I held off on writing a review of The Lincoln Highway by Amor Towles until I had a chance to discuss it with other readers. Like his other novels – Rules of Civility and A Gentleman in Moscow – there is so much to say that this post will assuredly fall short. Like his other novels, I loved it. And, just as Rules and Gentleman are very different from each other, this one, too, is unlike either of its predecessors.
The Lincoln Highway Summary
Told over ten days, The Lincoln Highway follows four boys – Emmett, Billy, Duchess and Woolly – on the title road from Nebraska to New York. Emmett and Billy are brothers, 18 and 8, and have lost their homestead after the death of their father. Duchess and Woolly – also 18 – have taken advantage of Emmett’s release from a juvenile work farm and escaped by hiding out in the warden’s trunk.
Emmett and Billy plan to head west toward California, where Billy believes they’ll find the mother that abandoned the family years before. Duchess has other plans: cash in on the inheritance coming Woolly’s way – which resides in a safe at Woolly’s family lodge in upstate New York – and maybe settle a few of the scores that contributed to his landing on the work farm in the first place. Emmett has a car and some cash, so Duchess smooth talks the brothers into a bit of a detour.
The first rave review I heard on The Lincoln Highway mentioned how memorable and distinct its main characters were. This held true, but its not just the four boys that are memorable; so are the people they meet along the way including Pastor John, a train-riding hobo; Ulysses, a Black hero come to life; Abacus, a source of adventure in storytelling; Ma Belle, a woman of “entertainment”; and several more.
This is one of those books that, as I’m reading it, I wish I were back in the classroom as a teacher. There’s such literary richness in this book’s structure, characters and motifs that it begs to be discussed. And indeed, when my book club discussed The Lincoln Highway, it received a nearly perfect overall rating of 4.93.
I couldn’t help but start making notes as if I were a teacher. I pictured the four main characters in four quadrants where their position as foils could be easily sketched. I started jotting down reoccurring themes and how they are revealed in each of the characters. In listing the minor characters, you see similar parallels emerge. It is one that I look forward to reading again for the new details I’m sure I missed as well as the familiar scenes that I’ll enjoy experiencing again.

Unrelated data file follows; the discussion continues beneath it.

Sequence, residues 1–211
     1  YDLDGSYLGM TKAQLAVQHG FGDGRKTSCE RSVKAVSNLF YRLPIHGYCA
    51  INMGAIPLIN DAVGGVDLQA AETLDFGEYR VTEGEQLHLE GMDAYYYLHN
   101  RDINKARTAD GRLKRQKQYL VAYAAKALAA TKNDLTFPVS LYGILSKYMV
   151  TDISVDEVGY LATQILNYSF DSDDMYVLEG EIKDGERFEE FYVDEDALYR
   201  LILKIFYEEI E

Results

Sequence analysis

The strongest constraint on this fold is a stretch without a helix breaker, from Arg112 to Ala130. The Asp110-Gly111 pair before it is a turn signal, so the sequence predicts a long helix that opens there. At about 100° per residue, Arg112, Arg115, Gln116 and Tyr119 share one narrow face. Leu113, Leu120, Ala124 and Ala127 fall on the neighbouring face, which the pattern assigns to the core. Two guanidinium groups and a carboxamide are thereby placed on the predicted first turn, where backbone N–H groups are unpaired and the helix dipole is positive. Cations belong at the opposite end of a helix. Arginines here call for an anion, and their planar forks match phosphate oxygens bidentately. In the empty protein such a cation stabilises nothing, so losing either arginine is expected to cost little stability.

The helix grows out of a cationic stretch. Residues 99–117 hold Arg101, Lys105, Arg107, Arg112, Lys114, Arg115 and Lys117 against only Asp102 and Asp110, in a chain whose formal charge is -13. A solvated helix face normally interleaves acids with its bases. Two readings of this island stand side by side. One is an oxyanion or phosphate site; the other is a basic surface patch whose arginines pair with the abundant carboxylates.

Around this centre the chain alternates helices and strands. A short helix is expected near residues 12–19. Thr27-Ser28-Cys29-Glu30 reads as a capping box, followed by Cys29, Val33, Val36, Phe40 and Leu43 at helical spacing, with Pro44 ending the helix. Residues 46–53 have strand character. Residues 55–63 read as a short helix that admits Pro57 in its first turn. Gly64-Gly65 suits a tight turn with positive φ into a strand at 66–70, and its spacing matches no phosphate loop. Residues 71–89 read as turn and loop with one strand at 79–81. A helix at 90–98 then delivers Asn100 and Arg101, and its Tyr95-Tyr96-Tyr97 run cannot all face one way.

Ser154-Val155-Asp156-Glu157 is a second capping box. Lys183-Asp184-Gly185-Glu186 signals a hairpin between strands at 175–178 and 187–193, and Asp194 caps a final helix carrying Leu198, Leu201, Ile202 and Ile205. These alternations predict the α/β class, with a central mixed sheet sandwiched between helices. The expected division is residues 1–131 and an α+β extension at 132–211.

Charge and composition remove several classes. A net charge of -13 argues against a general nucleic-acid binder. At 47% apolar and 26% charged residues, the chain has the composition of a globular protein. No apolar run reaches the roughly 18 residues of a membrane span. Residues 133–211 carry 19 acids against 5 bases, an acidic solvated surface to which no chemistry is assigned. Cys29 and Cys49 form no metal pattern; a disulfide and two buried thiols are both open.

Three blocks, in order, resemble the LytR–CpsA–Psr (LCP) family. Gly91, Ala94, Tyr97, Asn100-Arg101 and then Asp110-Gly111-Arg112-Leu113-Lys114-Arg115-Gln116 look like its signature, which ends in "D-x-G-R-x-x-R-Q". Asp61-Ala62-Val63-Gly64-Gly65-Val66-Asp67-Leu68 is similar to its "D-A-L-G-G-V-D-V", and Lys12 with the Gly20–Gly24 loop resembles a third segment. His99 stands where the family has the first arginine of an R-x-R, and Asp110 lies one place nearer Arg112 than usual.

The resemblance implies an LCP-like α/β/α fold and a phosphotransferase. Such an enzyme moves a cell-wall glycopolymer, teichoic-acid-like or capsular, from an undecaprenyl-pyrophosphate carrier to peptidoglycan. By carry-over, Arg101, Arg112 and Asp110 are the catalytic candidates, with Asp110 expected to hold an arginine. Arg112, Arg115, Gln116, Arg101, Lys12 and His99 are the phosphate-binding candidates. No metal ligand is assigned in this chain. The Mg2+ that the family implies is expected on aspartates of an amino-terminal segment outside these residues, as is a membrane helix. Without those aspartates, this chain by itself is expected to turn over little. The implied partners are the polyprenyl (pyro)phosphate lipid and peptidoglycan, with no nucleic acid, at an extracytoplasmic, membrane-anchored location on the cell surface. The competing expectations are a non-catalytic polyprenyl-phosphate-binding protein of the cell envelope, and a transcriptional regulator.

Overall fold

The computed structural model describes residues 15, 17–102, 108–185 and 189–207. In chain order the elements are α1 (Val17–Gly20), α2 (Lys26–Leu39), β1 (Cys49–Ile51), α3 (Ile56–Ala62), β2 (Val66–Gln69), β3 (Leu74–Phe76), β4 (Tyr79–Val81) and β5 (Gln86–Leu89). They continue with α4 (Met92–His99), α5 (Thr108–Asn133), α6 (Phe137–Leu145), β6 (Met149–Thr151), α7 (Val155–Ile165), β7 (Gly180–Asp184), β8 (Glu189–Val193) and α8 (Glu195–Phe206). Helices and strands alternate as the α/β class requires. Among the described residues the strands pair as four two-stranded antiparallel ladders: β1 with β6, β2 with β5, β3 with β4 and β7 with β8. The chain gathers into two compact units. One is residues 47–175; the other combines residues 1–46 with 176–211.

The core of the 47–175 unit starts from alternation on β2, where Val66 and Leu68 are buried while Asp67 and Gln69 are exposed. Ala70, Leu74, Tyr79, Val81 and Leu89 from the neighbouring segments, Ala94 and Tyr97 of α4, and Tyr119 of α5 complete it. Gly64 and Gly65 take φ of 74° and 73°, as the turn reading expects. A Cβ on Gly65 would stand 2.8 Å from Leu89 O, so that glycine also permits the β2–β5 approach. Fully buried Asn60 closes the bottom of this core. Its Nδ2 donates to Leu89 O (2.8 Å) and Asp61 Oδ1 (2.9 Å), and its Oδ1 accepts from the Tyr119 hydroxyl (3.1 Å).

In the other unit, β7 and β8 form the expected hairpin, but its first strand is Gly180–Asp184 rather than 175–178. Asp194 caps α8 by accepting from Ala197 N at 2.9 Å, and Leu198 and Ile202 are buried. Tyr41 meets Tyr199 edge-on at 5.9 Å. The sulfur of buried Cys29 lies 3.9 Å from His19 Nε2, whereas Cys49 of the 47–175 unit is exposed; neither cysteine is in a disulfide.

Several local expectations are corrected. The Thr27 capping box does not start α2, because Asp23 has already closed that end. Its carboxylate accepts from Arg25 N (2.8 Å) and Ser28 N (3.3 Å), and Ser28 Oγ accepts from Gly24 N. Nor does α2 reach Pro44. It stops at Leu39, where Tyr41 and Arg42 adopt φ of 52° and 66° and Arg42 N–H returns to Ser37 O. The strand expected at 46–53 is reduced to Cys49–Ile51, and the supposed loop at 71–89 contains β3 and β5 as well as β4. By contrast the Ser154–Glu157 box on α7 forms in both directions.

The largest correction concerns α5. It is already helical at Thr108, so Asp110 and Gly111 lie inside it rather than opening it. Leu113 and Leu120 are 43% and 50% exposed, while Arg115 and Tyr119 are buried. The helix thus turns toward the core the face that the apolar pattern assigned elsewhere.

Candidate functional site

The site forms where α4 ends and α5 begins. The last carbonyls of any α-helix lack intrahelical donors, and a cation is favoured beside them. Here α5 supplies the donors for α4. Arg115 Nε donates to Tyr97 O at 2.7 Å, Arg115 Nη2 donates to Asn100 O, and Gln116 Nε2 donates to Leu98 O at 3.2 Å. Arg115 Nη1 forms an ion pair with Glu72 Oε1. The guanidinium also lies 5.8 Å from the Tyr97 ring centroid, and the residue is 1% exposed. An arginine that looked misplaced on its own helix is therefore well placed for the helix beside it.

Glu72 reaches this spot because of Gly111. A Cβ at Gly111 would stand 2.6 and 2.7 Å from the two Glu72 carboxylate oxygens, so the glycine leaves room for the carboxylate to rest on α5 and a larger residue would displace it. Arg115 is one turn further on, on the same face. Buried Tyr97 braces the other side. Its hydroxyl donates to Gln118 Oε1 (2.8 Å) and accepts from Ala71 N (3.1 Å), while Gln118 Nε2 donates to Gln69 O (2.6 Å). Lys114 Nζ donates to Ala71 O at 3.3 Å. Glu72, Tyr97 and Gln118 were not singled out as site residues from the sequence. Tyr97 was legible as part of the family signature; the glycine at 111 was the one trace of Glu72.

Spoiler Alert for The Lincoln Highway
If you haven’t read The Lincoln Highway, the skip on down to the section for Book Club Prompts. The ending is perhaps one of the more interesting elements for discussion: how do you interpret Emmett’s leaving Duchess in the boat? Many believe this is out of character for Emmett to leave Duchess to die. On the other hand, Emmett leaves Duchess to be the master of his own fate, and in the end, it is greed that kills Duchess. I personally believe the later, which Towles affirms in an interview I found online. But, I understand those who feel like it leaves a blemish on Emmett.
Book Club Prompts
As I mentioned, this book begs to be discussed, and you likely don’t need help with discussion starters. But if you do, here’s a few:
- Compare and contrast the main characters: Emmett and Duchess; Billy and Woolly
- What is each character’s inheritance? Discuss money gained / money lost. How is money important to each character?
- How are the roles of mothers different from those of fathers?
- How does the theme of what is “ethical” “moral” or “right” weave through the narrative as debts are settled? Specifically with Emmett and Duchess, how are their ethics similar and different?
- How does the structure of the book contribute to the narrative?
- Duchess is the only character of the three who is unfairly sent to the juvenile work farm. How does this contribute to your thoughts of him as a character?
- Duchess and Sally are the only two characters who speak in first person. How does this contribute to their characterization?
- The original working title for the book was “Unfinished Business.” Which is a better title?
- How does the setting of 1954 contribute to this novel?
- If you’ve read Towles’ other books, discuss how this one intersects with each of them?
- Who is your favorite character?
Towles interview by CBS Saturday Morning
Martha’s Vineyard Production of Towles Speaking with Q&A
Buzz Pick interview with Towles
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